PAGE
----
I've been out and about and home. Lots going on.
Stirling Castle - We visited Stirling Castle on Sunday to see the reconstructed Royal Palace which opened in early July. Following years of research and painstaking craftsmanship, the Royal Palace of James V (constructed in 1545) has been recreated (inside the original building) to show it in its prime - bringing the Scottish Renaissance Court to life.
It includes the King's Bed Chamber, Inner and Outer Sanctums, the Queens Chambers etc. The walls and fireplaces have been painted, the Stirling Heads (a series of carved wooden bosses that adorned the ceilings) have been recreated, with the originals now residing in a purpose built museum, furniture recreated along with fabrics and wall hangings and 4 of the 7 tapestries that are being recreated using traditional weaving techniques and based on the Hunt of the Unicorn series, originally woven in Belgium in the 16th century and now housed in New York's Metropolitan Museum, adorn the walls.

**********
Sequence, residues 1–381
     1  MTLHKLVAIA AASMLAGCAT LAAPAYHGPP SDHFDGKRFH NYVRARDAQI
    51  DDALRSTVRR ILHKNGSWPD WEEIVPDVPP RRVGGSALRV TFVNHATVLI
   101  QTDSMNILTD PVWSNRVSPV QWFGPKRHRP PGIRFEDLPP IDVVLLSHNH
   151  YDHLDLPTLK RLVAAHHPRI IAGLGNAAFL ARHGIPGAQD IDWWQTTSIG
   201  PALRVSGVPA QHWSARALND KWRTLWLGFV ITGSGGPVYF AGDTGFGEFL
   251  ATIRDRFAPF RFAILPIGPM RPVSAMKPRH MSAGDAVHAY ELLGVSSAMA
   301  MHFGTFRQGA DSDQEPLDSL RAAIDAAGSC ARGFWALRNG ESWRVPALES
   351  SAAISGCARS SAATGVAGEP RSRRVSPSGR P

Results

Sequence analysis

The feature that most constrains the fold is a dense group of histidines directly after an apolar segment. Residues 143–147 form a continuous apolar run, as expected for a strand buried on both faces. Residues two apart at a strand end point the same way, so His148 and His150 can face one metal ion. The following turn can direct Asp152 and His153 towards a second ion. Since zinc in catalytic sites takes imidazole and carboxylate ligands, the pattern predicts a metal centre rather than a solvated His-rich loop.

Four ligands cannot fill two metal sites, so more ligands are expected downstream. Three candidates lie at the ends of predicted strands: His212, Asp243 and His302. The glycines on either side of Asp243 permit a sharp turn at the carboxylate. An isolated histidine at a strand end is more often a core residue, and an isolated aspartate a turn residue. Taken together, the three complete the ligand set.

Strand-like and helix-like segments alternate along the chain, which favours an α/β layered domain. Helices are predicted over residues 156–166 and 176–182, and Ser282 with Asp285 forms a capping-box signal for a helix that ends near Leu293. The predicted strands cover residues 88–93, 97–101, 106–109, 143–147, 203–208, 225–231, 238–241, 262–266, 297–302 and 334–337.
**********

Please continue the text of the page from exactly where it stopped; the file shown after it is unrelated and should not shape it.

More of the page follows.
Queen's Bed Chamber - yes, there was a bed, but it isn't where the Queen slept
One of the Hunt of the Unicorn Tapestries
The Stirling Heads
There are 2 tapestries to complete. They will be finished in about 18 months. One is being woven in the temporary weaving studio in Stirling Castle and the other at West Dean Tapestry Studio in Chichester. It's great to be able to go to the studio and see the tapestry in progress. When we were there on Sunday the fifth tapestry had just been finished, cut down and was waiting to be hung in the Queen's Chambers. It was great to be able to talk to someone with specialist knowledge and find out how it's done.
The tapestries are made using hand-dyed Wensleydale yarn; each one taking between 18 months and 4.5 years to complete, taking a total of 12 years to complete. In the 16th Century, a series of tapestries would cost about £2000 (and a warship £3000) and there were over 100 in the Royal Collection (none of which survive), then the Royal Court was certainly showing off its wealth.
Spectacular and definitely worth the visit. As I renewed my Historic Scotland membership I will be able to go back again in the near future and take the audio tour.
Visit the Castle's blog for updates.